If they're worried about hacking it, it's a complete farce; there's no reason why the computer doing the sums even has to be connected to the internet, seeing as I think all the ballots are counted by people (they're farcically large ballots often described as table cloths), they just plod in a few numbers as the data comes in. Someone must be worried that competent, impartial people will have a look and find something which has been giving out porky pies.
They said "hacking or manipulation", they mean that there are potentially bugs which could be triggered by malicious input. The computer doing the tally is not connected to the internet. This is a bit alarmist and they have only tried playing the card recently, the AEC seems to be getting desperate.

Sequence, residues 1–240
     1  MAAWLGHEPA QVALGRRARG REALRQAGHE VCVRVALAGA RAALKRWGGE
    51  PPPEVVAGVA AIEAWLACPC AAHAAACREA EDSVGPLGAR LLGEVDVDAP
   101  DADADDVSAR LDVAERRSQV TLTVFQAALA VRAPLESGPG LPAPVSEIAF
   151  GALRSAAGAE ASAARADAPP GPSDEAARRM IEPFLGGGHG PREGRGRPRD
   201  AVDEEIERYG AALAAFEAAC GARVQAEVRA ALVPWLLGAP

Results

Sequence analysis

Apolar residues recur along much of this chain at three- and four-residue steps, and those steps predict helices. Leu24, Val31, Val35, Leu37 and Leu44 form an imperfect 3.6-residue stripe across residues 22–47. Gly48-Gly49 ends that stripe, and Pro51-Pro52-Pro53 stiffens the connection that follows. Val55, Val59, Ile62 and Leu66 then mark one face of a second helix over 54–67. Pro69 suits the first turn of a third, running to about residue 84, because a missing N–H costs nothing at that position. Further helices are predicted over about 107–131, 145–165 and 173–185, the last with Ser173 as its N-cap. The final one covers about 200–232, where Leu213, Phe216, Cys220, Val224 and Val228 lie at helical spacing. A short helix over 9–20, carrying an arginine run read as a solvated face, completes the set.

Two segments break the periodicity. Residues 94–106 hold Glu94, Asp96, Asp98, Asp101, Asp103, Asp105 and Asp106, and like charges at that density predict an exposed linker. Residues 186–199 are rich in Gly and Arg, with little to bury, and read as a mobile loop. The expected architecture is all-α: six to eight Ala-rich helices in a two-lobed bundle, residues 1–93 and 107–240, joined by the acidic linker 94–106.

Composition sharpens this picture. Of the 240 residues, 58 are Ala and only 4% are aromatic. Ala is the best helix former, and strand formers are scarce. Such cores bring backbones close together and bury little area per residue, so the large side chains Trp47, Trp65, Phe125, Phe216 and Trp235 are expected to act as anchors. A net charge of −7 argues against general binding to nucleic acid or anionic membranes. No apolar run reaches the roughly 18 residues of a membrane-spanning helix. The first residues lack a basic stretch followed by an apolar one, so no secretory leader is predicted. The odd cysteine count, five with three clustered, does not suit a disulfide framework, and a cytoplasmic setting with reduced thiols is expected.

The real reason is the other one that they offered, "underpins the industrial and fee-for-service election counting systems". The AEC makes a fair bit of money running elections private organisations and other countries. While what they primarily offer is impartiality, technical assistance is a strong component and they obviously feel that releasing their software would impact that business.
The AEC tallies have been independently verified several times, there isn't a substantial case that the election outcomes are being distorted. However I still believe that the code should be public.